London’s last working shire horses revive centuries-old tradition of cutting rare hay meadows | Daily Mail Online

Ham House head gardener Rosie Fyles said: 'There's something really special about witnessing the sights and sounds of this centuries-old rural tradition in the heart of London today. We know these flood meadows have been part of the London landscape since the 17th Century and would have been used for grazing and ploughed for hay and feed'

London’s last working shire horses are reviving the centuries-old tradition of cutting rare hay meadows without heavy machinery to encourage the return of wild flowers.

Source: London’s last working shire horses revive centuries-old tradition of cutting rare hay meadows | Daily Mail Online

There are some things draft horses – or “heavy horses,” as they’re known in England – can do better than any tractor, and one of those is protecting the ecosystem that they’re working:

Despite weighing up to a tonne, the heavy horses are still lighter than tractors and compact the soil less as they plod the fields, which helps plants and wildlife to flourish…

The National Trust said it decided to return to the traditional method of managing the land because of its many benefits for nature. The horses are a throwback to a bygone era of farming, before the invention of the internal combustion engine. Their remarkable stamina also mean they can work well into their 20s and can mow an average of 10 acres of grass in one day.”

And of course, the “exhaust” they produce fertilizes the land, rather than polluting the air; and unlike tractors, they can breed their own replacements!

Heavy horses back at work in London, even if it is only on one select site… Perhaps Jethro Tull (the band, not the 18th-century agriculturalist) was prophetic:

In these dark towns folk lie sleeping
As the heavy horses thunder by,
To wake the dying city
With the living horseman’s cry.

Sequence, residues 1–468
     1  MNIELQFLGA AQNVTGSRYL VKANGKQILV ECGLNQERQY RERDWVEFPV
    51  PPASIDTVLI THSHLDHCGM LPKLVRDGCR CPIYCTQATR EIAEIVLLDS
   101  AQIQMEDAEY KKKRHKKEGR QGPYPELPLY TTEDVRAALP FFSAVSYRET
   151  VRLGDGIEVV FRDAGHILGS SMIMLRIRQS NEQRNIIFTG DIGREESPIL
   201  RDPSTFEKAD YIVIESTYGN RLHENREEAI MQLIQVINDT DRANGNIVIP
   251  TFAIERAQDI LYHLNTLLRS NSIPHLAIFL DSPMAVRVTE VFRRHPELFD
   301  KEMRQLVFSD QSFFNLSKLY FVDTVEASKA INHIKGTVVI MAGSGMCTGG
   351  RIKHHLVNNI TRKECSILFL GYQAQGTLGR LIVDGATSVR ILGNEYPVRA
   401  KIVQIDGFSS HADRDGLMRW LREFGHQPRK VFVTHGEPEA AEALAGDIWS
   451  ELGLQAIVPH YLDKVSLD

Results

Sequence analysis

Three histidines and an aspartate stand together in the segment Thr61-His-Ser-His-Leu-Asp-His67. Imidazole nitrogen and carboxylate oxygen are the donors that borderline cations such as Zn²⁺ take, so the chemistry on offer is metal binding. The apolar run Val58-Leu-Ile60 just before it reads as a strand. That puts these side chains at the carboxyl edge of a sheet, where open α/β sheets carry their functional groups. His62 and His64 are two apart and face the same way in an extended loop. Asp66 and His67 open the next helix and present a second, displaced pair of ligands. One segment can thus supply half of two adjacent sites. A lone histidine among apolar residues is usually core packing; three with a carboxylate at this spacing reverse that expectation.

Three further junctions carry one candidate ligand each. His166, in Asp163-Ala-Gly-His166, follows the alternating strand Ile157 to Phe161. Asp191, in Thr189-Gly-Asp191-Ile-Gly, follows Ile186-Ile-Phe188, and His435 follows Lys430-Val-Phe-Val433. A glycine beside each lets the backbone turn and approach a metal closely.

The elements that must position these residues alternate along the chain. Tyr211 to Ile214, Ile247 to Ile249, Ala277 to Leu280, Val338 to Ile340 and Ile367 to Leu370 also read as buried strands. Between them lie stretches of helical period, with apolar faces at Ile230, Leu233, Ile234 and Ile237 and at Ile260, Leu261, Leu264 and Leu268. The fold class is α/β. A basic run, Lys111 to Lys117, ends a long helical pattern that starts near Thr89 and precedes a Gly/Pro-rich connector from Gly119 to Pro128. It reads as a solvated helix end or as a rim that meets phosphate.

At once the old hands quicken,
Bring pick and wisp and curry comb:
Thrill to the sound of all
The heavy horses coming home…

— Jethro Tull, “Heavy Horses

Jethro Tull – Heavy Horses

Believe it or not, though I have liked Jethro Tull for many years (and passionately loved their album Songs from the Wood, which has been one of my favorites since late high school / early college days), I just listened seriously to this one, and read the lyrics, for the first time the night before last. Wow! I did not know what I was missing:

Let me find you a filly for your proud stallion seed
to keep the old line going.
And we’ll stand you abreast at the back of the wood
behind the young trees growing
To hide you from eyes that mock at your girth,
and your eighteen hands at the shoulder
And one day when the oil barons have all dripped dry
and the nights are seen to draw colder
They’ll beg for your strength, your gentle power
your noble grace and your bearing
And you’ll strain once again to the sound of the gulls
in the wake of the deep plough, sharing.

Standing like tanks on the brow of the hill
Up into the cold wind facing
In stiff battle harness, chained to the world
Against the low sun racing
Bring me a wheel of oaken wood
A rein of polished leather
A Heavy Horse and a tumbling sky
Brewing heavy weather.

Again, wow. Lifts the hair on the back of my neck! For someone who loves the great draft horses as I do, this is a deeply moving song. Magnificent!

horse
A much younger Anglophilic Anglican, ground-driving a Percheron mare, at a draft horse driving workshop at the Carroll County Farm Museum, c. 2000-2001.